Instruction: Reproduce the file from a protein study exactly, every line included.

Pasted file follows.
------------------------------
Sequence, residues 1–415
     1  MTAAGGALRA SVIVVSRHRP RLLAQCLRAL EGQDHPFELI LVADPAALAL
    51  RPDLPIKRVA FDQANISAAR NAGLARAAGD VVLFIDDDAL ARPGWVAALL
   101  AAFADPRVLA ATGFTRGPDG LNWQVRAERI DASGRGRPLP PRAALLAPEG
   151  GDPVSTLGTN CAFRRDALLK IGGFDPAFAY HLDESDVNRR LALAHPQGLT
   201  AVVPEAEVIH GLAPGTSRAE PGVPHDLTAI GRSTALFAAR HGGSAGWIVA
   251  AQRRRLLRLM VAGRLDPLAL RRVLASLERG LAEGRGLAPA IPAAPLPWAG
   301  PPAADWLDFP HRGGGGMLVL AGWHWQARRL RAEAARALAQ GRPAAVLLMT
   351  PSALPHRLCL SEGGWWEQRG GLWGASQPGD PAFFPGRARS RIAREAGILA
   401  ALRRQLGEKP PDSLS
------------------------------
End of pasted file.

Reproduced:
Sequence, residues 1–415
     1  MTAAGGALRA SVIVVSRHRP RLLAQCLRAL EGQDHPFELI LVADPAALAL
    51  RPDLPIKRVA FDQANISAAR NAGLARAAGD VVLFIDDDAL ARPGWVAALL
   101  AAFADPRVLA ATGFTRGPDG LNWQVRAERI DASGRGRPLP PRAALLAPEG
   151  GDPVSTLGTN CAFRRDALLK IGGFDPAFAY HLDESDVNRR LALAHPQGLT
   201  AVVPEAEVIH GLAPGTSRAE PGVPHDLTAI GRSTALFAAR HGGSAGWIVA
   251  AQRRRLLRLM VAGRLDPLAL RRVLASLERG LAEGRGLAPA IPAAPLPWAG
   301  PPAADWLDFP HRGGGGMLVL AGWHWQARRL RAEAARALAQ GRPAAVLLMT
   351  PSALPHRLCL SEGGWWEQRG GLWGASQPGD PAFFPGRARS RIAREAGILA
   401  ALRRQLGEKP PDSLS